Isabella of Valois was born on 9 November 1389 in Paris. Her parents were the King and Queen of France, Charles VI and his wife Isabeau of Bavaria. Isabella was the third child to be born to her parents, though her elder siblings both died as infants. A further nine children were born to the couple, including Isabella’s younger brother Charles who succeeded her father as King Charles VII of France.
As a princess of France, Isabella grew up in the public eye, and she was used to the lavish life of the court. However, this does not mean that Isabella had a carefree childhood. Although her father was crowned in 1380, it was not until 1388 that Charles ruled in his own right. Prior to this, his uncles had controlled the country as regents as he had been a child king. This meant that when Charles began his personal rule, he had to try to repair the damage done to France’s finances and suppress widespread revolts. On top of this, France was at war with Burgundy and was in the midst of what would later be known as the Hundred Years War with England. If this was not enough, in 1392, Charles VI of France experienced a traumatic psychotic episode while away on campaign. This was not a one-off, and the King was plagued by periods of severe mental illness for the rest of his life. While Isabella was a young girl, her father often went through stages where he would not even recognise his wife and children. He eventually developed a condition known as Glass Delusion, which led him to believe he could shatter like glass if he was touched. All of these factors meant that Isabella did not have the easiest of starts in life.
We do not usually hear much of the lives of young princesses in this era, but in 1396 there were many records and artworks which mentioned Isabella of Valois. This was because it was in this year that Charles VI tried to make peace with England and bring an end to the ongoing war by marrying his daughter to the English King. Child marriages were not uncommon during the medieval era, but this was extreme. King Richard II of England was a 29-year-old widower, and Isabella was a mere six years old. However, it must be noted that this marriage was not to be consummated while Isabella was still a child, and King Richard II believed he was still young enough to wait to have children with Isabella when she was of age. A young bride was also seen as a good thing as Richard could raise her at the English court, where she would be influenced by English customs and be “moulded” to how the King would like her to be. All of this sounds very disturbing from our modern point of view but was seen as perfectly acceptable for the period.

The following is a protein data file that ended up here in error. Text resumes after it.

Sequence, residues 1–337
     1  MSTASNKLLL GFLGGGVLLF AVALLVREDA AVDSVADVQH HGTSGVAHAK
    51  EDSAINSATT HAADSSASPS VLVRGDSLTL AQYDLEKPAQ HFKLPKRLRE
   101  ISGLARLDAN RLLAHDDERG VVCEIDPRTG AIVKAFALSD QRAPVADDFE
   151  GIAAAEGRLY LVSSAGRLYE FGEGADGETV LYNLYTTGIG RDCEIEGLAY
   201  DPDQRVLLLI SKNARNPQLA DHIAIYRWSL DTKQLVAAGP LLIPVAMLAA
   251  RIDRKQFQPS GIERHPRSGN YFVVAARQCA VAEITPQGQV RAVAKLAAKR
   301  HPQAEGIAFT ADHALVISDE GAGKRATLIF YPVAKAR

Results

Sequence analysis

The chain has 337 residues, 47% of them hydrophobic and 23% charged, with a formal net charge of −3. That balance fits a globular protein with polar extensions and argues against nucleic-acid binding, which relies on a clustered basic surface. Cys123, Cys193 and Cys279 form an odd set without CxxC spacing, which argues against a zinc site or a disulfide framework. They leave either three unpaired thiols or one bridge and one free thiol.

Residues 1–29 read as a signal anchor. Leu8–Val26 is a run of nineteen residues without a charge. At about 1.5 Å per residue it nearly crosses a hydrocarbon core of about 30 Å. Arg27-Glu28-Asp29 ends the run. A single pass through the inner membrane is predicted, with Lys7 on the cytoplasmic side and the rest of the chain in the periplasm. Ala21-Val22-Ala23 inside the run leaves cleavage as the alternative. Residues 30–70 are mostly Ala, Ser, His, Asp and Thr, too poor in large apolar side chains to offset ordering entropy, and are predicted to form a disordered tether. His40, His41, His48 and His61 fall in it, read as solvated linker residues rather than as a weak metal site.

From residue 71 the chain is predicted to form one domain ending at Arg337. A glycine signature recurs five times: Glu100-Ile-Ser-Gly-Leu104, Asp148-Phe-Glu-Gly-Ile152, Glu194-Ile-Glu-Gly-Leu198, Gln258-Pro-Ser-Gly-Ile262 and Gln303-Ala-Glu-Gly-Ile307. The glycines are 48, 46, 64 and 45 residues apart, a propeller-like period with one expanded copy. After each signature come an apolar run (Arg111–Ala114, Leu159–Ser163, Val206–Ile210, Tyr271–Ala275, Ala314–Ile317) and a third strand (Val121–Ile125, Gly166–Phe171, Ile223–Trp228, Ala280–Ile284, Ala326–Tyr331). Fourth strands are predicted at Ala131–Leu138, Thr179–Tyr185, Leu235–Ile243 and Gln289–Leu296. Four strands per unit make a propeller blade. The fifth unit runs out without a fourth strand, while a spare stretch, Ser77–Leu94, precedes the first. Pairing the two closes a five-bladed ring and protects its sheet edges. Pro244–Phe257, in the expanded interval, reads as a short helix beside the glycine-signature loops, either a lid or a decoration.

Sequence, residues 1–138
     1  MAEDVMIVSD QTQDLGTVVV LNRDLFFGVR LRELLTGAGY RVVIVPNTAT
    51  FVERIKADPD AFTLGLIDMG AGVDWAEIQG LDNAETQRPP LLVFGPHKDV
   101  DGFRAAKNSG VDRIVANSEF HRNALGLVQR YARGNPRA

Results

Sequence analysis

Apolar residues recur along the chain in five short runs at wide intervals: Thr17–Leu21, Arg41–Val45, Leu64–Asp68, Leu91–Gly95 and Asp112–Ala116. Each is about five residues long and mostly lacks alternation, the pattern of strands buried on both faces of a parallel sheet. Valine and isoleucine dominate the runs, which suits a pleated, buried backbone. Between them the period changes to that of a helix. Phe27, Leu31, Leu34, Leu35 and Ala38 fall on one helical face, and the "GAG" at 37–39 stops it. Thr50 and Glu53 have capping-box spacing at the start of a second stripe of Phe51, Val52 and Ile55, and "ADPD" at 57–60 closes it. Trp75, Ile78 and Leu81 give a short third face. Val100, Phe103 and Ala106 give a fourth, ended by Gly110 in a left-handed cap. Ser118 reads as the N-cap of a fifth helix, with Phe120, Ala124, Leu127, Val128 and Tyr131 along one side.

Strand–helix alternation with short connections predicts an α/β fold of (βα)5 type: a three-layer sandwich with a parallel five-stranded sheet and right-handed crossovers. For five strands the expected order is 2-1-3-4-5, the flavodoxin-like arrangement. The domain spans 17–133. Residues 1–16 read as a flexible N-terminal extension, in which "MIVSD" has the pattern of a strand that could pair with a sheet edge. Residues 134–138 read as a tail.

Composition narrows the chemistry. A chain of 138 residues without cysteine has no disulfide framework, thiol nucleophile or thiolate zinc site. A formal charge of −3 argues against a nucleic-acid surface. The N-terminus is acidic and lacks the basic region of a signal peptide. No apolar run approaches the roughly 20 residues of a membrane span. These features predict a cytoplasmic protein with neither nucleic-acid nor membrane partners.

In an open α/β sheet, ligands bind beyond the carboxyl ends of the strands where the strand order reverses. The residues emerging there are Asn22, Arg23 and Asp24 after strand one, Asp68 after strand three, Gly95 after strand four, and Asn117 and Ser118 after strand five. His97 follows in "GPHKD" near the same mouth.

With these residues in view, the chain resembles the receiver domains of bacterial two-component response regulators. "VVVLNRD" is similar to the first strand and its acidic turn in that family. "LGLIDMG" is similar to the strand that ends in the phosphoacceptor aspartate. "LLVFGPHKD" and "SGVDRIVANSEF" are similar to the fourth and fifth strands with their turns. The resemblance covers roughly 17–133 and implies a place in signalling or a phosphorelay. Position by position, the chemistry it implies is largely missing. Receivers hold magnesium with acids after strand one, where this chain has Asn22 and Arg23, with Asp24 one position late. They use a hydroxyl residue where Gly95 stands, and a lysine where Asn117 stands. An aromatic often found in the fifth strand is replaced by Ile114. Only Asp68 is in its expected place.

Before the wedding, English ambassadors visited Isabella, and the Princess told them that if it pleased God and her father, she was glad to be Queen of England. She then practised the role of Queen while she played, and a sign of her age is that alongside her wedding gowns in her luggage were several dolls and toys.
On 9 March 1396, a proxy wedding took place, and a vast dowry was signed over to England from France. However, it was not until November that the official wedding was carried out in person, where it was said that Isabella wore a gold crown and a blue velvet gown. The girl was said to be tearful on this occasion, and she was carried by her uncles. From this point onwards, Isabella was no longer the responsibility of her parents, and she was to move to England, where she would be raised by a French governess in her own court at Windsor Castle.
Isabella was crowned Queen of England in 1397, but she continued to live in her own household. However, the King did visit her regularly, and the pair developed a bond of friendship. Isabella and her maids eagerly awaited his visits as they found him to be funny and kind.
Maybe if Isabella had come of age and the union with Richard had developed, they could have been happily married, but this was not to be. In 1399, Isabella’s uncle Louis I, Duke of Orléans, seized power in France from her unstable father. He did not wish to continue the peace with France, and so he supported a rival and cousin of King Richard called Henry Bolingbroke in his aim to leave France and take control of England. At this time, King Richard was away in Ireland, so it was relatively easy for Henry Bolingbroke to gain the support of much of the English nobility. During this period, Isabella was moved from place to place and was eventually put under house arrest, a terrifying experience for a child.
By August 1399, King Richard II had surrendered to the rebels, he was swiftly imprisoned, and on 13 October, England had a new king as Henry Bolingbroke became King Henry IV of England. In February of the following year, it was announced that Richard the deposed King was dead; it is still unclear how exactly he died. Young and widowed, Isabella was stuck in England while her fate was decided for her. It was wished by the new King that Isabella would marry his son Henry, but the brave ten-year-old apparently refused this and publicly mourned for her dead husband.
In 1401, Isabella finally returned to France, though her dowry was lost to England. In June 1406, she married again, this time to her cousin Charles who became the Duke of Orléans soon after their marriage. On 13 September 1409, Isabella sadly died in childbirth; she was survived by a daughter named Joan, who was her only child. As Isabella had refused to marry Henry IV’s son Henry, her sister Catherine later went on to marry him instead and became Queen of England when he succeeded the throne as Henry V.1
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